Local Jekyll Publishing

Jekyll is a static Web Site generation engine that has support for blogs via a specific directory structure. It uses a Build server to generate the static site layout and Git to 'publish' the site to a Jekyll enabled hosting site.

Markdown Monster supports Jekyll via 'local' publishing, which means that you can create a Weblog post in Markdown Monster using New Weblog Post and then 'publish' the post into your Jekyll Project's directory structure. MM also optionally can build and launch your Jekyll site, but it will not automatically 'push' to Git - that's left for you to do when you are ready to do your final deploy.

In-Place Jekyll Editing

What's described here as 'publishing' has a number of benefits, but it's optional. If you prefer to maintain Jekyll posts directly in-place in the Jekyll folders, MM can handle that too.

To make the in-place experience better for displaying images, it helps to create an empty .markdownmonster file in your Jekyll Project root. This helps resolve image paths like /assets/postid-image1.png and properly display images see more info for Site Relative Root Path Mapping

The Markdown Monster Local Jekyll Publishing process performs the following tasks:

  • Copies the Markdown File to the Jekyll _posts folder
  • Fixes up the YAML header for Jekyll's format
  • Copies any local relative Images into the Jekyll assets folder
  • The assets folder has the same slug name as the post
  • Fixes up the image in the Markdown for the assets folder location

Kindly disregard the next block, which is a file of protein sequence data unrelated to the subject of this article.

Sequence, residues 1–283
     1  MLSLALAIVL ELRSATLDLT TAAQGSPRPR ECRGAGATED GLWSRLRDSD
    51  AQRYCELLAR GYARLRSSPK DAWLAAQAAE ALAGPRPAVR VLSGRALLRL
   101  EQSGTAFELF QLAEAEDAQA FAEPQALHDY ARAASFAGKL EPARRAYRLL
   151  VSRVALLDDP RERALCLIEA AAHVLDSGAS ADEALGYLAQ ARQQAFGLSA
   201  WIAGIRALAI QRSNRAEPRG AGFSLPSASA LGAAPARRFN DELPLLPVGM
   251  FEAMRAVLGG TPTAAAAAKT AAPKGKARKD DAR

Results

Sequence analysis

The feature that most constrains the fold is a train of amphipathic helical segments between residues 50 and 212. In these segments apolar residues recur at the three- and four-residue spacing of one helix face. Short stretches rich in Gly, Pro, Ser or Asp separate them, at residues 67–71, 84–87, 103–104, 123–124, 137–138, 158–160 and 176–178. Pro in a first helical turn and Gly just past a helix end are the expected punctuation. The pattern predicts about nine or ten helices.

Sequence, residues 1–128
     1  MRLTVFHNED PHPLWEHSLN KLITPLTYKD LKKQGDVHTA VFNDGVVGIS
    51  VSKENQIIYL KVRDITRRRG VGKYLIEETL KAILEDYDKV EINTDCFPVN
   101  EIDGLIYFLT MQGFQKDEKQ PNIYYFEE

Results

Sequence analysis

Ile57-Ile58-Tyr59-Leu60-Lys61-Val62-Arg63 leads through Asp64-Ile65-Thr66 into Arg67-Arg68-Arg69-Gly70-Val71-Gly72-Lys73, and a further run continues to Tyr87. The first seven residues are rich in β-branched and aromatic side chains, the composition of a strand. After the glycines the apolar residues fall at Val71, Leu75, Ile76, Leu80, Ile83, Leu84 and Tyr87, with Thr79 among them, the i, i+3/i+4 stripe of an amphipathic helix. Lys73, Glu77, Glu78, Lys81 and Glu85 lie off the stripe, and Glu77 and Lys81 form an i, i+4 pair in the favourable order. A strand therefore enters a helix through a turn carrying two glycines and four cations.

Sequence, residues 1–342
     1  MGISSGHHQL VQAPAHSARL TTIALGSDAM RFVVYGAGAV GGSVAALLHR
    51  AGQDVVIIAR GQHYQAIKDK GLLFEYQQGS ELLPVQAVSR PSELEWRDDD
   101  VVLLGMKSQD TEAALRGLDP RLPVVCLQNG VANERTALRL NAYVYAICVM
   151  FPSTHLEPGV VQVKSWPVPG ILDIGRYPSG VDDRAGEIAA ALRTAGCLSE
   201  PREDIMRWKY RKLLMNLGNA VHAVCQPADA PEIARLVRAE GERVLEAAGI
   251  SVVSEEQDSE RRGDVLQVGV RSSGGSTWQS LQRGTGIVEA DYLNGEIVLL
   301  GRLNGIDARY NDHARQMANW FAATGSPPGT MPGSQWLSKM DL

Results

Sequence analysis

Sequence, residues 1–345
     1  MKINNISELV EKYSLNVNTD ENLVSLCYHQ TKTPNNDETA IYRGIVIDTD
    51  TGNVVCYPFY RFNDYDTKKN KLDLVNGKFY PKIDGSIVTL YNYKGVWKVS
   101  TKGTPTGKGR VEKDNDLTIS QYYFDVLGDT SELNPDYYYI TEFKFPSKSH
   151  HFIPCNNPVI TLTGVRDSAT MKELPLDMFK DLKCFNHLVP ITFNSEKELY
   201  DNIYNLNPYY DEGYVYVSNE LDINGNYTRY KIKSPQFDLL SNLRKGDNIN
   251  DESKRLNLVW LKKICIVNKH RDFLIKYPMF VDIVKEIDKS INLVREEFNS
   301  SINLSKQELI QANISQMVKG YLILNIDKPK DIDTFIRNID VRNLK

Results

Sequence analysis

• Sets a featured image using the featuredImage YAML tag
  • Optionally launches the Jekyll build server
  • Optionally opens a browser on the new post

A few important things to keep in mind with this 'publishing' process:

  • The editable posts are not stored in the Jekyll _posts folder
  • The editable posts are separately stored in the MM Weblog folder structure (or whereever you choose)
  • Posts are 'published' into the Jekyll _posts folder

Once published you can choose whether to:

  • Continue using the Markdown Monster Content File for the source of truth
  • Use the new Post in the Jekyll _posts folder as the source of truth

Using the former you can repeat the process described above: Edit and make changes, save, and then re-publish to Jekyll and push.

The latter lets you make the changes directly to the generated Markdown file in the Jekyll _posts folder, but requires that from then on you manually manage any new images and other resources in the scattered Jekyll folders.

Either way works, but - be consistent, so all your editable posts end up in the same place.

Setting up the Jekyll Publishing Configuration

Before you can publish to Jekyll, you need to set up a Publish configuration for the site. To do this go to Weblog->Configure Weblogs and create a new entry:

Set the blog type to LocalJekyll and at minimum you need to provide a Local Path to where your static Jekyll Project lives. This path can point at:

  • A Windows Path like c:\projects\jekyll\testsite
  • A WSL Path like: \\wsl$\Ubuntu\home\projects\projects\testsite

You can also provide an optional Launch Command to build and run the Jekyll blog and and optional Preview URL where {0} is be the post slug to be injected. The Jekyll Live Site Base Url provides a base URL to the live Web site that can optionally be used to fix up meta-data links like the featured image url. These latter settings are all optional.